John F. Kennedy gave the strongest speech of his young presidency in 1962 during The Cuban Missile Crisis. You can read the whole speech Here.
After the disastrous "Bay of Pigs" affair, Kennedy's credibility was in need of repair, but there was no feeling on the part of the American public that his speech, or the plans he outlined that night, were in any way political or self-serving. The speech was full of memorable lines, some very powerful.
Here's the quote:
"We will not prematurely or unnecessarily risk the costs of worldwide nuclear war in which even the fruits of victory would be ashes in our mouth; but neither will we shrink from that risk at any time it must be faced...
"It shall be the policy of this nation to regard any nuclear missile launched from Cuba against any nation in the Western Hemisphere as an attack by the Soviet Union on the United States, requiring a full retaliatory response upon the Soviet Union."
Ronald Reagan gave one of the most memorable of his speeches at The Berlin Wall in 1987. You can read the whole speech HERE.
One short admonition in that speech (written by Peter Robinson), was taken out and put back in by White House staff more than once, until finally President Reagan insisted that it stay in.
Here's the quote:
"General Secretary Gorbachev, if you seek peace, if you seek prosperity for the Soviet Union and Eastern Europe, if you seek liberalization: Come here to this gate! Mr. Gorbachev, open this gate! Mr. Gorbachev, tear down this wall!"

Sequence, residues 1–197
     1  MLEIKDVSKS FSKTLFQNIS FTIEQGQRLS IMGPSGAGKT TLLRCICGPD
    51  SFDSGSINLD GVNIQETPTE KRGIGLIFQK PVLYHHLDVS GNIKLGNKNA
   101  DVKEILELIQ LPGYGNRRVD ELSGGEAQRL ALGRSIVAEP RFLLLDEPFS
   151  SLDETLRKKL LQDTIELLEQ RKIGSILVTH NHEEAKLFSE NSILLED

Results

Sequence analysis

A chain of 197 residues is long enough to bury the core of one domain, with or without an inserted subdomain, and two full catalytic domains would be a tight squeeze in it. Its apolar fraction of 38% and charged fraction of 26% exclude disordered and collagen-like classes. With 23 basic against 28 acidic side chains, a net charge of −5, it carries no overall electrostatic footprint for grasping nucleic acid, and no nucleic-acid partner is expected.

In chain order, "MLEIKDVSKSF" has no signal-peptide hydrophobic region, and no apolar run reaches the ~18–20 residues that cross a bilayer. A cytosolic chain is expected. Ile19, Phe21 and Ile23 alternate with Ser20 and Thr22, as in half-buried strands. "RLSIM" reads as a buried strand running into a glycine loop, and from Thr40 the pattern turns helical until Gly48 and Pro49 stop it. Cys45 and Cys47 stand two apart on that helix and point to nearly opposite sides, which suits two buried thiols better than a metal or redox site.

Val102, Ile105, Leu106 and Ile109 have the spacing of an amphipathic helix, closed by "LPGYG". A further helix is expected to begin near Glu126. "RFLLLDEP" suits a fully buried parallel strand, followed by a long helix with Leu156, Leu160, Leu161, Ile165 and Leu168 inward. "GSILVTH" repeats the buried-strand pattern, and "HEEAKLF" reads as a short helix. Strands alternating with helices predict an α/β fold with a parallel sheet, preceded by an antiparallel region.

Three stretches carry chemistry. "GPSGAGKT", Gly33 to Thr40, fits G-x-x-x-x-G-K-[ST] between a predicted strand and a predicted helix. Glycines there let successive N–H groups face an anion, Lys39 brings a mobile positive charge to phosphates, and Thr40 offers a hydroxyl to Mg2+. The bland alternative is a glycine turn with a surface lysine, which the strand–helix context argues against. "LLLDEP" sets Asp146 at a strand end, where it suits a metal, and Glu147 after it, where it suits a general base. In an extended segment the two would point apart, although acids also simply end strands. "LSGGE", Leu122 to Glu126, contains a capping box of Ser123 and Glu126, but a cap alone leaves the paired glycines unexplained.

(If the video doesn't appear, you can watch on YouTube by clicking the below link:
George W. Bush spoke to the crowd gathered at the site of the fallen World Trade Center Buildings, three days after that horrific event of 9/11. Here's the video of his short impromptu speech that rallied that crowd and the rest of the nation, a nation of which he was proud to be the president.
Barack Obama spoke to the nation, on September 10, 2013, to outline his plan to address the situation in Syria. You can read the whole speech HERE. There were many memorable quotes from that speech.
Here are a few:
"So even though I possess the authority to order military strikes, I believed it was right, in the absence of a direct or imminent threat to our security, to take this debate to Congress...
"My answer is simple: I will not put American boots on the ground in Syria. I will not pursue an open-ended action like Iraq or Afghanistan. I will not pursue a prolonged air campaign like Libya or Kosovo...
"However, over the last few days, we’ve seen some encouraging signs. In part because of the credible threat of U.S. military action, as well as constructive talks that I had with President Putin, the Russian government has indicated a willingness to join with the international community in pushing Assad to give up his chemical weapons...
"I have, therefore, asked the leaders of Congress to postpone a vote to authorize the use of force while we pursue this diplomatic path."